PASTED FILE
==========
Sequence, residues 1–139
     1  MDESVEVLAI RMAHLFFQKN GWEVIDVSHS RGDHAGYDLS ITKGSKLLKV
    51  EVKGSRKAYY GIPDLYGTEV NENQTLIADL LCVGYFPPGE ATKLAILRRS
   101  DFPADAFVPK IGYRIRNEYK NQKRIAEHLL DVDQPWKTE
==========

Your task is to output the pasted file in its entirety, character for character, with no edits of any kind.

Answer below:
Sequence, residues 1–139
     1  MDESVEVLAI RMAHLFFQKN GWEVIDVSHS RGDHAGYDLS ITKGSKLLKV
    51  EVKGSRKAYY GIPDLYGTEV NENQTLIADL LCVGYFPPGE ATKLAILRRS
   101  DFPADAFVPK IGYRIRNEYK NQKRIAEHLL DVDQPWKTE